While eagerly waiting for a fun, combattive sumo year 2021, let’s have a look back and pay tribute to the most famous rikishi – some of our readers’ favorite wrestlers – who called it a day in 2020. Some produced unforgettable moments in the past, and deserved an entirely unofficial farewell on our website. Sadly, the list always seems too extended…
Age of retirement: 33
Best rank: ozeki
Number of yusho (makuuchi): 1
Number of kinboshi : 1
A famous name from sumo retired early on in 2020, following the loss of his ozeki rank in January. Goeido could have benefitted from a chance to bounce straight back in March as an ozekiwake – in front of his home crowd. But Goeido did not believe his body to have enough energy left, and announced his retirement.
It took the Osaka-born rikishi quite some time to reach sumo’s second highest rank (in September 2014), having produced an incredible fourteen basho streak at the rank of sekiwake.
From then, it’s fair to say Goeido has not met expectations. His first tournaments as an ozeki were underwhelming – he got 8-7, 5-10, 8-7, 8-7 and 8-6-1 records. Actually, he got infamously nicknamed one of the kadoban brothers, alongside Kotoshogiku. But more on that later…
Goeido’s career highlight was undoubtedly his stunning zensho yusho in September 2016, which suddenly turned him into a yokozuna candidate. The dream lasted during Kyushu’s first third of the tournament, where Goeido stayed undefeated. Unfortunately, he could not keep momentum, and ended up 9-6.
Goeido had one last surge at the same place, the following year. Spectators were close to watch a nokozuna, where no less than three yokozuna were kyujo, and Harumafuji was struggling at the beginning. However, the yokozuna showed class, and also benefitted from Goeido’s incredible meltdown in order to force a playoff, and give the ozeki no chance.
Age of retirement: 33
Best rank: maegashira 2
Number of yusho (makuuchi) : 0
Number of kinboshi : 3
Poor Arawashi. While watching juryo during the Mongolian’s late career, the first stumbling block was to spot him properly. Indeed, the physical ressemblance with his “twin brother” – who actually isn’t his twin at all -, Chiyoshoma, was truly puzzling.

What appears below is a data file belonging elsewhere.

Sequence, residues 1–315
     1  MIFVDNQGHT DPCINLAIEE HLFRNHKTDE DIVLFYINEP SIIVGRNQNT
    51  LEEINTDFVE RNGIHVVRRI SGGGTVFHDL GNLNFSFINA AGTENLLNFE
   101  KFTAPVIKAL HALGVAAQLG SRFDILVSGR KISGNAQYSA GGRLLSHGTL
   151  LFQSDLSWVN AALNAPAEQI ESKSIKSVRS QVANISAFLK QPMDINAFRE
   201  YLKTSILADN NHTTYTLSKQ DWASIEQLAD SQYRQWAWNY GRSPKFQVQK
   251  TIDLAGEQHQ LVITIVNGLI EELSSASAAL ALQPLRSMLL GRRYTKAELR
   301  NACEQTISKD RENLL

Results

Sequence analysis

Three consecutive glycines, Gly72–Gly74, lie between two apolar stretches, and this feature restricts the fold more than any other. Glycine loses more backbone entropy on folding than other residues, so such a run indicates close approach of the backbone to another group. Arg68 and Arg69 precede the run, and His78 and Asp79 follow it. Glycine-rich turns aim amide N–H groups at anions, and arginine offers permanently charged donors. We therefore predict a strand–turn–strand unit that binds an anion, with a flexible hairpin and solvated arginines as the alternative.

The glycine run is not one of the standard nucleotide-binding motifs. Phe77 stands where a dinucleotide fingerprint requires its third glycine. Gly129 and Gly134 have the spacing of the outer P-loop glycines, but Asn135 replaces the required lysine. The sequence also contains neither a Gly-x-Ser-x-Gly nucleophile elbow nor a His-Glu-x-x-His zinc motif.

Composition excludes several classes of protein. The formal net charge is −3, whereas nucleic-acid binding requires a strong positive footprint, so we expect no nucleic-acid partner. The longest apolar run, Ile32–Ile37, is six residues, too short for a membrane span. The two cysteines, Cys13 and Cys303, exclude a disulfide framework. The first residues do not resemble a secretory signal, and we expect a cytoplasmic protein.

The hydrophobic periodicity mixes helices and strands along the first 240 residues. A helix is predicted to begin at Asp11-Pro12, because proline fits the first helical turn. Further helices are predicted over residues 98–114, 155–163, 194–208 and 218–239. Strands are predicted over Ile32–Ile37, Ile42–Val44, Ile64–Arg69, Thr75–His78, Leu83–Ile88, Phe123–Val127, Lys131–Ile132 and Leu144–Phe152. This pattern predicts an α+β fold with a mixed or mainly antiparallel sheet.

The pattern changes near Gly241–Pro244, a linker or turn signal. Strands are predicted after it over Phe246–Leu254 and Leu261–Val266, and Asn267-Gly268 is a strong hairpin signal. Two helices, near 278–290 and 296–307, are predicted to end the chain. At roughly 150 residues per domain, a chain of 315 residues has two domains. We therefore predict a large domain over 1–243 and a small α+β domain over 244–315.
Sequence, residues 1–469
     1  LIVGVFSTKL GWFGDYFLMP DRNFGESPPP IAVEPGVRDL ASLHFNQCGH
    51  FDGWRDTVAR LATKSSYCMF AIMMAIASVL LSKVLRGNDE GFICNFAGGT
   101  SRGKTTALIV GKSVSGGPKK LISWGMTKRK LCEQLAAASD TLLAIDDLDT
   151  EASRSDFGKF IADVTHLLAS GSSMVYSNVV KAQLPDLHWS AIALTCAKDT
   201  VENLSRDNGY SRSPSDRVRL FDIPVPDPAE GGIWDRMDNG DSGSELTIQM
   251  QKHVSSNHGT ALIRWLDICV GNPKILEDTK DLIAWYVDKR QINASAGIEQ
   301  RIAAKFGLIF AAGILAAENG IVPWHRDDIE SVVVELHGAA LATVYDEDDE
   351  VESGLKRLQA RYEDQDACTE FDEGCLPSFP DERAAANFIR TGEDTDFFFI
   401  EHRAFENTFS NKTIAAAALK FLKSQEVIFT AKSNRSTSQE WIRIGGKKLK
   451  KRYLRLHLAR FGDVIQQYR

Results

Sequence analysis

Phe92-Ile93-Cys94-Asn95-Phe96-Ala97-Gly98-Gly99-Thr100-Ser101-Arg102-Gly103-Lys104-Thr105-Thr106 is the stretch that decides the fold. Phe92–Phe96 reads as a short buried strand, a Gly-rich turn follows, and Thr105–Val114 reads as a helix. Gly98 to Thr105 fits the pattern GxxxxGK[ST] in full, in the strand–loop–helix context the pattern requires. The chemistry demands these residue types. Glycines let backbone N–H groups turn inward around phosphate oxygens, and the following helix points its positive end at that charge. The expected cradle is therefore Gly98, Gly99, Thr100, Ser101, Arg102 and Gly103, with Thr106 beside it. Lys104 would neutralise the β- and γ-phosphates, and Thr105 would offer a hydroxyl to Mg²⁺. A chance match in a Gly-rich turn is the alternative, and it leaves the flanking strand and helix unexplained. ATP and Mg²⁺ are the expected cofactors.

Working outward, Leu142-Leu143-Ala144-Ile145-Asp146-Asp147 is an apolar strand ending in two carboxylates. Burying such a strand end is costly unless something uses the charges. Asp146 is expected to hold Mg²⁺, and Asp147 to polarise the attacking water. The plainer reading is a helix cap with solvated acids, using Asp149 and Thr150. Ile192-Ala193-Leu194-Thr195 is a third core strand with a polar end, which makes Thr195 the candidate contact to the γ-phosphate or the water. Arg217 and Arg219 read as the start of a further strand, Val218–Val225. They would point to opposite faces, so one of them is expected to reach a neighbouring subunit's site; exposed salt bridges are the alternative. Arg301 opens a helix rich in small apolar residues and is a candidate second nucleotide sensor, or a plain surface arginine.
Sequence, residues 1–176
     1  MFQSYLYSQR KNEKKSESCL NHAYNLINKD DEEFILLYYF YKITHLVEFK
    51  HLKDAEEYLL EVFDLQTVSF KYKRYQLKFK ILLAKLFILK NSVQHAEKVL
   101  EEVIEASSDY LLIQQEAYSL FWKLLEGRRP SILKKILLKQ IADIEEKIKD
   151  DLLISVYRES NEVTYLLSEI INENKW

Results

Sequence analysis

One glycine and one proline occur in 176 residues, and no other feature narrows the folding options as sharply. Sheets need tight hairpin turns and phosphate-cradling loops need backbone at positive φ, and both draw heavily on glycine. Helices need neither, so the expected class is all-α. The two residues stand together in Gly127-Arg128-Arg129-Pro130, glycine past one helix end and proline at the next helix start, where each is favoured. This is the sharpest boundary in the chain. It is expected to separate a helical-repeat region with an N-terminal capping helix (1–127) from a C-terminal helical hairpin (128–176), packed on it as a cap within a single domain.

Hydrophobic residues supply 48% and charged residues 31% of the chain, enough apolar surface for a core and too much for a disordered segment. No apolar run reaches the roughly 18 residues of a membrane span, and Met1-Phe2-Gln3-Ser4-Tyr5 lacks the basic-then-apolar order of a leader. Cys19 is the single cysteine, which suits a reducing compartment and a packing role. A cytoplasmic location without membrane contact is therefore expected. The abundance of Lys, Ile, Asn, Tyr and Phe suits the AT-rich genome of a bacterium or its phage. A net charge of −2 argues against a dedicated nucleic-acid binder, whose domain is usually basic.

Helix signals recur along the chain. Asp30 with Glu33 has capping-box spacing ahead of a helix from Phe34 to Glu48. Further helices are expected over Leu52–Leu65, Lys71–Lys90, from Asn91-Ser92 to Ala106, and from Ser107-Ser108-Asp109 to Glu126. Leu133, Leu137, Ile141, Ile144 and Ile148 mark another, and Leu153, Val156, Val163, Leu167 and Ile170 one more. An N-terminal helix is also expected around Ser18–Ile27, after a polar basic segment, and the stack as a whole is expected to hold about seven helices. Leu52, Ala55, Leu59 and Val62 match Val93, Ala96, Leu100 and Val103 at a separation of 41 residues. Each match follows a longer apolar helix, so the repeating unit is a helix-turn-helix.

Then, injuries preventing him from maintaining himself among the salaried ranks. His last basho in juryo ended up in embarrassing fashion, as Arawashi stated, during a pre basho interview, that targeted the yusho, and nothing else. Alas, his weakened body abandoned him. Arawashi started strongly (3-0), but could add just two more wins, end ended up in makushita.
However, it is impossible to turn the 2020 chapter without having a look at Arawashi’s highlights. Following a fine 11-4 performance in Kyushu 2016, the Mongolian rocketed to a career high maegashira 2 the following basho – a rank that seemed too high for the light rikishi. 2017 started horribly with five losses, and then came the unexpected: Arawashi’s first two wins of the tournament, defeating Kakuryu, then Hakuho! I hotly recommend those who haven’t seen that bout against the dai yokozuna to watch Arawashi’s genius at the tachi-ai, some kind of “Harumafuji not henka” paving way to a death spin. Hakuho was left stunned, and so were we all.
Arawashi got no special prize for that feat, as he ended up make koshi. He slowly slided down the banzuke, all the way back to makushita – but not without earning a third and last kinboshi in March 2017, this time against another great wrestler, Harumafuji.
Age of retirement: 33
Best rank: sekiwake
Number of yusho (makuuchi): 0
Number of kinboshi: 6
Tochiozan was a hugely gifted, yotsu wrestler. The number of kinboshi he earned is impressive, but actually comes as no surprise. Several rikishi’s names immediately spring to mind, when discussions of Hakuho-less alternative reality occur: Kisenosato, of course; Harumafuji, and Kakuryu. But Tochiozan may have enjoyed an even better career – and indeed, ozeki promotion was within reach.
But Tochiozan was a wrestler of missed opportunities. He missed out on a golden chance to win a yusho in May 2012 – he cracked under pressure and let Kyokutenho lift the Cup instead.
If Tochiozan was a giant killer, giants also liked to defeat him – Harumafuji litterally bullied Tochiozan on his birthday, at the Haru basho in 2015! During his late career, Tochiozan had no less than comical bouts against Hakuho, where he seemed certain to get a seventh kinboshi, before losing in ridiculous fashion. Only Tochiozan had the secret of such losses… Without doubt, the Kochi-ken born rikishi has left the dohyo with many unanswered questions.
Age of retirement: 21
Best rank: sandanme 32
Having the privilege to watch a wrestler from Texas is a rare thing. Previously, American sumo fans had been able to watch another local hero, but for a very short period only – Brodik Henderson, known as Homarenishiki on the dohyo, retired under mysterious conditions, amid intimidation fears, in 2016, one year after his sumo debut.
Wakaichiro, in real life Ichiro Kendrick Young, lasted longer. He entered mae zumo in November 2016, and struggled to stay in sandanme during the first years. Results improved in 2019, and Wakaichiro actually retired early in 2020, after a series of kashi koshi that would have enabled him to slowly set his sights in makushita, being ranked sandanme 32.
Unfortunately, a series of chronic injuries prevented him to realistically target a place in the salaried ranks. Of course, one can reasonably wonder what lower ranked rikishi can get by staying down the banzuke – you don’t get paid before reaching juryo.
Earlier this year, Bruce dedicated a great article paying tribute to Mr Young.